1967 Commissioner General William Eckert approves the BBWAA’s plan to select a Cy Young Award recipient from both the National League and American League. The honor, initiated in 1956, had been given to just one pitcher in the major leagues each season, a position strongly supported by former commissioner Ford Frick.
1969 Citing “I can’t hit when I need to,” Mickey Mantle announces his retirement, thus ending his fabled Hall of Fame career. The oft-injured Yankee slugger ranks third, behind Babe Ruth and Willie Mays, on the all-time home run list with 536 round-trippers, and finishes his 18-year stay in the majors with a .298 batting average.
1987 Charlie Kerfeld and the Astros finally agree on a one-year contract worth $110,037.37 and 37 boxes of orange Jello, planned to be used future pranks. The Houston reliever, who wears number 37, insisted he earned more than right-hander Jim Deshaies, and the reliever’s new deal pays him $37.37 more than his teammate.

1993 Yankee owner George Steinbrenner, two and half years after accepting a life-long ban from being involved in the day-to-day operation of the team, is reinstated by major league baseball. ‘The Boss’ had been exiled from baseball by commissioner Fay Vincent in 1990 for hiring Howie Spira, a known gambler, to snoop into the life of star outfielder Dave Winfield.
1994 Leonard Coleman, MLB’s executive director of market development, is elected the National League president, replacing the retiring Bill White. The position is eliminated in 1999, making the former banker the last person to hold the position.
1995 In an evening exhibition game played in Tempe, the Angels, using replacement players, beat the Arizona State University Sun Devils squad, 13-5. The contest marks the first time since 1912 that replacement players participate in a major league game, and the only time the team has worn big league uniforms.
1999 In the episode “Big Shots” of the Everybody Loves Raymond show, security kicks out fictional Newsday sports writer Ray Barone, played by Ray Romano, from an event honoring the Mets’ 1969 World Series championship team. The Hall of Fame guards lose their patience when the title character, who insists on using his journalist’s credentials to avoid the wait, refuses to get in line with the fans waiting to meet their heroes, including Tug McGraw and Art Shamsky.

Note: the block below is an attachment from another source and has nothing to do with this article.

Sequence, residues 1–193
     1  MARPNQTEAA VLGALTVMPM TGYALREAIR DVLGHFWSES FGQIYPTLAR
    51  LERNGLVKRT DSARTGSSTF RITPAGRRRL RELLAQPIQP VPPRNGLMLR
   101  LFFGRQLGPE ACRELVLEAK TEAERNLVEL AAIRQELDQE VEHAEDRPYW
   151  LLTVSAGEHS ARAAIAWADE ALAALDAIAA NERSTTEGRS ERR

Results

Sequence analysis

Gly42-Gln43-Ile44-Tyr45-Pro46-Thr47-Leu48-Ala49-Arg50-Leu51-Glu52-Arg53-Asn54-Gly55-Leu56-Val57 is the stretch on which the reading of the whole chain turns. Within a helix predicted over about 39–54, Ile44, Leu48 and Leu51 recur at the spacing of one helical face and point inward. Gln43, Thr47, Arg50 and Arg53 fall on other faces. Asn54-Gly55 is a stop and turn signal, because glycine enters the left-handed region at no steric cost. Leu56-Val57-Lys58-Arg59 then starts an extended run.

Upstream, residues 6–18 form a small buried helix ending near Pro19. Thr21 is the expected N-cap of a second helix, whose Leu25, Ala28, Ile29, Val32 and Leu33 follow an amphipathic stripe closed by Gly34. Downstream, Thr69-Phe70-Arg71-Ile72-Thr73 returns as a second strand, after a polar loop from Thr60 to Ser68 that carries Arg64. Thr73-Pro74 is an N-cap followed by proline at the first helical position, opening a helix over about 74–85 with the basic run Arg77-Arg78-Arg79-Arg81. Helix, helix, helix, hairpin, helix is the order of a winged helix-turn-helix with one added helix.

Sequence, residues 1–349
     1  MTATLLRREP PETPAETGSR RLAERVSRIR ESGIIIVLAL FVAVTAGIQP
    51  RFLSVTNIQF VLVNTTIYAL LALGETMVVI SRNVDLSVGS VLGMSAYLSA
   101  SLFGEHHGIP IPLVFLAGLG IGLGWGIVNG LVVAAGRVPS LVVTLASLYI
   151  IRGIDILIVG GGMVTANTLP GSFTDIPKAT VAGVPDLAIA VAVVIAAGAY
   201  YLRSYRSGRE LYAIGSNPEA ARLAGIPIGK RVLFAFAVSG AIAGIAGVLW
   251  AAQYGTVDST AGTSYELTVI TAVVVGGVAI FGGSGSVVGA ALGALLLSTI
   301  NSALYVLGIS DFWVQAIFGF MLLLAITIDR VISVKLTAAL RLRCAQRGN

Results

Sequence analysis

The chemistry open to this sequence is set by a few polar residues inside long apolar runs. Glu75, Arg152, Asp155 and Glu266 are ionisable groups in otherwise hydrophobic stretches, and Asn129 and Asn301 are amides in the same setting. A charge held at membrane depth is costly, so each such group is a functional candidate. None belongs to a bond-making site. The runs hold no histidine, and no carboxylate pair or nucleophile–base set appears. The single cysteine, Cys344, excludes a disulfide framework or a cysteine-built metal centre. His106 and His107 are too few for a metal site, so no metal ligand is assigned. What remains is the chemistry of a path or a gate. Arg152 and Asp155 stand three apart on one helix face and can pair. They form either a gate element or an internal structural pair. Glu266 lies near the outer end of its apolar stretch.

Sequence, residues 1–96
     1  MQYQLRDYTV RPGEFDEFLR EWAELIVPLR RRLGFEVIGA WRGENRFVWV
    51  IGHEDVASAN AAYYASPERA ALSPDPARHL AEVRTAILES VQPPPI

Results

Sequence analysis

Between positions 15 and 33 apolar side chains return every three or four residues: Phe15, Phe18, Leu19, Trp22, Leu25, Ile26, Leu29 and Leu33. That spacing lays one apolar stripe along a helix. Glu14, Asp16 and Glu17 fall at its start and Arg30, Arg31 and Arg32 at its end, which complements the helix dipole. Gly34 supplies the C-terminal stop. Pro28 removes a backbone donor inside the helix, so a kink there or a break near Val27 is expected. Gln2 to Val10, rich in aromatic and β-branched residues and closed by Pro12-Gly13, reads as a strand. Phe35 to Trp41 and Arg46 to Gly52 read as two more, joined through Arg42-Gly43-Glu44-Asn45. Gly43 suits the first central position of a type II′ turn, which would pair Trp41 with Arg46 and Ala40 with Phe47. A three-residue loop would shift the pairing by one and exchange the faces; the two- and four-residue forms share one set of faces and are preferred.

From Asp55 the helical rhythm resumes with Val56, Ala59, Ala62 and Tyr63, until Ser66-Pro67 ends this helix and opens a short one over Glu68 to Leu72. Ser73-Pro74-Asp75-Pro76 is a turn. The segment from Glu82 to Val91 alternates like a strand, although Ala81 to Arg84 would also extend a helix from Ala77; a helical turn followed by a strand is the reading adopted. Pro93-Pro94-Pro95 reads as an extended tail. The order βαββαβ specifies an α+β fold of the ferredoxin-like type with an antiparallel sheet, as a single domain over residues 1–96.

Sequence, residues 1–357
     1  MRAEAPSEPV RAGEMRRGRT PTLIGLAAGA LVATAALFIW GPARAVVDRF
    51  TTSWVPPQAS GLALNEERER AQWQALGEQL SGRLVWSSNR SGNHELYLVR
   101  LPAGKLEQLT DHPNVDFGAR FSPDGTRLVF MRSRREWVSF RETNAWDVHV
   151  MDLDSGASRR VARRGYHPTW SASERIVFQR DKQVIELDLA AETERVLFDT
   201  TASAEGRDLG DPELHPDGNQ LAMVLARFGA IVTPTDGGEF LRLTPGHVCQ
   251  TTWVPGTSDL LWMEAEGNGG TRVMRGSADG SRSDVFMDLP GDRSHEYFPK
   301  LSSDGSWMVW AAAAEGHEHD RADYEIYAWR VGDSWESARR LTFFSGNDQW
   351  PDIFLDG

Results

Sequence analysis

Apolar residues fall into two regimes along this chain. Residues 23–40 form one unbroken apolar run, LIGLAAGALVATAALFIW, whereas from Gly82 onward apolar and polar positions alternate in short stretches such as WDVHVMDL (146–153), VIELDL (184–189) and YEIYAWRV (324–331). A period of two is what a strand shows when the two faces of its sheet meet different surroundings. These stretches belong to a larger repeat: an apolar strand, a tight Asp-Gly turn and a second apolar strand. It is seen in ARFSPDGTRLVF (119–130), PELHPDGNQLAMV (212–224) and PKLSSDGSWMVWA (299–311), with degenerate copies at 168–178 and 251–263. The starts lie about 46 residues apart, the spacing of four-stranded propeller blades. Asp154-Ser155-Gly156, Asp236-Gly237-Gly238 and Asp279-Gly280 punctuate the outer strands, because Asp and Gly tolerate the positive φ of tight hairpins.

2005 Deciding not to file as a free agent at the end of the season, Tim Hudson (12-6, 3.53) agrees to a four-year, $47-million contract extension with his new team, the Braves. The 29 year-old right-hander, acquired in a trade with Oakland in the off-season, grew up near Atlanta and rooted for the local team as a youngster.
2005 Construction for an additional 1,790 bleacher seats at Wrigley Field will begin at the end of the season and completed in time for Opening Day 2006. A deal is reached for the expansion when the Cubs agree to pay the city $3.1 million before the start of work and by contributing funds for a local school park and a $400,000 traffic signal system near the ballpark.

2007 Texas announces their home stadium will now be called Rangers Ballpark in Arlington. A crisis in the subprime mortgage industry caused Ameriquest to give up its naming rights last month after reaching a 30-year deal with the team in 2004 reportedly worth about $75 million.
2009 Insisting there was no wrongdoing on his part, Jim Bowden resigns as the general manager of the Nationals. The Washington GM is part of a federal probe investigating scouts and executives for accepting kickbacks from baseball bonuses intended for players signed in Latin America.
2012 After spending 15 seasons including serving as the team captain for the past seven, Red Sox backstop Jason Varitek, announces his retirement, leaving only Carl Yastrzemski (23), Ted Williams (19), and Jim Rice (16) with longer tenures with the team without playing for another franchise. The venerable catcher, ninth on the all-time franchise list with 1,546 games, is the only major leaguer to have played in the Little League World Series, the College World Series, the World Series, the Olympics, and the World Baseball Classic.